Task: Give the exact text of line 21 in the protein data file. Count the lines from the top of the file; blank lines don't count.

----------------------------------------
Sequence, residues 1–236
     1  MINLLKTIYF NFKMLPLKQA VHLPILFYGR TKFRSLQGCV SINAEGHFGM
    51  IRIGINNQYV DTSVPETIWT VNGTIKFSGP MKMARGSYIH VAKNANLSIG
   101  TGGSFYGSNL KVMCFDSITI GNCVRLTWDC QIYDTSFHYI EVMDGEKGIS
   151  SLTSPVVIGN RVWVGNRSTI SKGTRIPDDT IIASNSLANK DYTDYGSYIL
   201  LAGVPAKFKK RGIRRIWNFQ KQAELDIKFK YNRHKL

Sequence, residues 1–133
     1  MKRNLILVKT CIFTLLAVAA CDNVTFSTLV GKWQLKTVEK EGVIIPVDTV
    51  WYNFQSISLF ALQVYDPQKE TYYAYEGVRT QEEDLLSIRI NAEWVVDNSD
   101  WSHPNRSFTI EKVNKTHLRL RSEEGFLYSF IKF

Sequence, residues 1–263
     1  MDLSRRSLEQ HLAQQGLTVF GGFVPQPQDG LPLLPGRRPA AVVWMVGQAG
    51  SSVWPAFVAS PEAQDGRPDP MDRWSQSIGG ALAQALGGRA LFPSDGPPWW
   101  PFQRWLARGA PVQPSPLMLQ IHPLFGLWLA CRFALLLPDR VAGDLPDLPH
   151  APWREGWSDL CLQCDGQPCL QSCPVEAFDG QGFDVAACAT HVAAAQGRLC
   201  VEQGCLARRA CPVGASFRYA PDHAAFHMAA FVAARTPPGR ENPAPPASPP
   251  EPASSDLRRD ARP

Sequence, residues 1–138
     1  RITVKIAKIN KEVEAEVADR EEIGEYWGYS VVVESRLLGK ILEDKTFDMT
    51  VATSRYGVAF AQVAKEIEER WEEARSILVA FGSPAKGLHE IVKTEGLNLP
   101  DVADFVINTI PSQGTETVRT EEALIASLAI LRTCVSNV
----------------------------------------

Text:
   101  DVADFVINTI PSQGTETVRT EEALIASLAI LRTCVSNV